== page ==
Homeless people must compromise. The wealthy must compromise. And leaders need to act

Homeless people must compromise. The wealthy must compromise. And leaders need to act
A homeless person sits under a blanket near the intersection of Alameda and 4th streets in Los Angeles in November 2017. (Los Angeles Times)

To the editor: The Times Editorial Board's series on the homeless is tough, focused and correct. The homelessness problem in Los Angeles is out of control. It is not the cause of one entity or person or organization. We are all contributors.

We will never fully eliminate homelessness, but if each of us and our interest groups give a little, we can make progress.


Those who insist that more housing is the answer need to concede that is so only with mandates requiring some new construction to be affordable to people with limited income. Activists who prioritize the civil liberties of homeless people must realize these people are dying in our city. And while panhandling and sleeping in public places should not be prohibited, perhaps we can gain greater voter support for programs by not compelling people to interpret these acts as constitutionally protected. Residents of nice neighborhoods where some homeless people congregate should accept that their aesthetics are not the raison d'être of good government.

Homeless people must also compromise. Not everything they have collected in life needs saving. Some things cannot be stored.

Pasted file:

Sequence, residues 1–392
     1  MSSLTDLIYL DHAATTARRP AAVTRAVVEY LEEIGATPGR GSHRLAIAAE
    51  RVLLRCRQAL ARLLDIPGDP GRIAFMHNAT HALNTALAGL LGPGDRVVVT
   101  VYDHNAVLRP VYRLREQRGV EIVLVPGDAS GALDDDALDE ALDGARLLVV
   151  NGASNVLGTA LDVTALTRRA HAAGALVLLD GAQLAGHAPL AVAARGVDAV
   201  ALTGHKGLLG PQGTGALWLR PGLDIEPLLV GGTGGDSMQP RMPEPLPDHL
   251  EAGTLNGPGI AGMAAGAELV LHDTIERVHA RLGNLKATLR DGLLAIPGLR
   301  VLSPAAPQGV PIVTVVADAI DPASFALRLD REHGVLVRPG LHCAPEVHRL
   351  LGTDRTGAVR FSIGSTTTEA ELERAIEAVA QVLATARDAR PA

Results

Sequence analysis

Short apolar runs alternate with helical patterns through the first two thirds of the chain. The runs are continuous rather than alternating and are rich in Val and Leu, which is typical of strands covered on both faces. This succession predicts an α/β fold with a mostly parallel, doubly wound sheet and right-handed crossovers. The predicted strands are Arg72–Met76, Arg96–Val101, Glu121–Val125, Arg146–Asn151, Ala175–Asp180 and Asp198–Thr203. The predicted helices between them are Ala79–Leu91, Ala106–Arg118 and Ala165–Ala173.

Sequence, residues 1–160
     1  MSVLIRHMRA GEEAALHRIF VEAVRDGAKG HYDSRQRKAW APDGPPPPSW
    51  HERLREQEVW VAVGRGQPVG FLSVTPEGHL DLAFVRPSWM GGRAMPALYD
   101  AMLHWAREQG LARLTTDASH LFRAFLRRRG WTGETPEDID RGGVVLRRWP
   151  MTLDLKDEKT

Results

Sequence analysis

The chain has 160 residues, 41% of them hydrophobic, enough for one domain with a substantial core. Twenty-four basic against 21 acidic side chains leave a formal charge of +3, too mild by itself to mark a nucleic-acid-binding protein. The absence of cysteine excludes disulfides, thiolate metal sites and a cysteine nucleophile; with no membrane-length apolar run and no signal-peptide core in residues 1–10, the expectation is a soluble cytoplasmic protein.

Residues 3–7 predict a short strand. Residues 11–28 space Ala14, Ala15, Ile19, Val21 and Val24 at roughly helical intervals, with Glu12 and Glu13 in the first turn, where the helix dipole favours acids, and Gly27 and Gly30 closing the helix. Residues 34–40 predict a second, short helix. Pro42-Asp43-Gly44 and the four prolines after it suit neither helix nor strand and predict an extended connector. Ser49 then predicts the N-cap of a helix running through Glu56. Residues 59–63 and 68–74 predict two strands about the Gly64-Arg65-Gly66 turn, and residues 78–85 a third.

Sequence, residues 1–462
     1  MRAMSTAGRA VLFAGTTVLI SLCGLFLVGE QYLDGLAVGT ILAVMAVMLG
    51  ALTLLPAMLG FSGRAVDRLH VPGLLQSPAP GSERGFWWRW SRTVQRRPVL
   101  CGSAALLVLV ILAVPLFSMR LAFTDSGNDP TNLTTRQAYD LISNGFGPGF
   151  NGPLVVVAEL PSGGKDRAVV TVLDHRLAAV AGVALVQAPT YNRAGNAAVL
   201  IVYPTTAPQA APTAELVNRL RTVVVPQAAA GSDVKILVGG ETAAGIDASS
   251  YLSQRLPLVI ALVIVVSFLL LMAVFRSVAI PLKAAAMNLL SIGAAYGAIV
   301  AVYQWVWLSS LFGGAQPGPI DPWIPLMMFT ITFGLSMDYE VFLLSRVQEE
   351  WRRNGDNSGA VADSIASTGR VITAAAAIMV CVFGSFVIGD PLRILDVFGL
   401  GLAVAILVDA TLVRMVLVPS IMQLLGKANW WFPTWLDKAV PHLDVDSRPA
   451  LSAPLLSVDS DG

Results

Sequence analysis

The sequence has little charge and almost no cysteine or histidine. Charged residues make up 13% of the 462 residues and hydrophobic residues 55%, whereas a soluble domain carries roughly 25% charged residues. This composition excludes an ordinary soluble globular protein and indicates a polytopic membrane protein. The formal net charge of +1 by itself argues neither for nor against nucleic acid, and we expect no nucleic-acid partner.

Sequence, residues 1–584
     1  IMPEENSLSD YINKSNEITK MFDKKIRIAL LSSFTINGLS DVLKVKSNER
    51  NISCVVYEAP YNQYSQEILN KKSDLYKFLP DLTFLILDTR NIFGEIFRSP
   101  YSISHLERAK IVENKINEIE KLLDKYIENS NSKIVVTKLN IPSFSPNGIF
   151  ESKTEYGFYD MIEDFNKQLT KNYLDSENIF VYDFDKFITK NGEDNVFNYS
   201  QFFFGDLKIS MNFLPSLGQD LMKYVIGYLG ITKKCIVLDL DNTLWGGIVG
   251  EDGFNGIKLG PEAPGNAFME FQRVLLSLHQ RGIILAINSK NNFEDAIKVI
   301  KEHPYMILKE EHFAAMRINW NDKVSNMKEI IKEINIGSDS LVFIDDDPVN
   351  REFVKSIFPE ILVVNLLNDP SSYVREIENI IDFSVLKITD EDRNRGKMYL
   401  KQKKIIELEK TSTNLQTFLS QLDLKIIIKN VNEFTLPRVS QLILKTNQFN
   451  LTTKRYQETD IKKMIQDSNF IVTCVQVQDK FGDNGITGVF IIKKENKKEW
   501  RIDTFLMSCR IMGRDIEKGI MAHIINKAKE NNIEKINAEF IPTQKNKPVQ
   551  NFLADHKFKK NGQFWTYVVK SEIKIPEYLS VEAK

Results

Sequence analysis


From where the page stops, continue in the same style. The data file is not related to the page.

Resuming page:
In building places for people to live, agencies ought to act now. They need not design architectural gems.

Finally, leaders must carefully balance all interests and act for the thousands of people without shelter. The lives and the dignity of the poor trump reelection or political advancement.

Joseph DiMento, Los Angeles

The writer is a professor of law and urban planning at UC Irvine.


To the editor: Thank you for the extremely well-researched and informative articles on the homeless situation. You showed us that it is not just a numbers problem but a real people problem, as you featured the several people who have been helped by specific programs.

Though it is an extremely complex problem without a single solution, it seems that each successful program will help some people. We need to become part of the solution by supporting local efforts to increase affordable housing.

Most importantly, we need to practice the Golden Rule.

Claire Marmion, Long Beach

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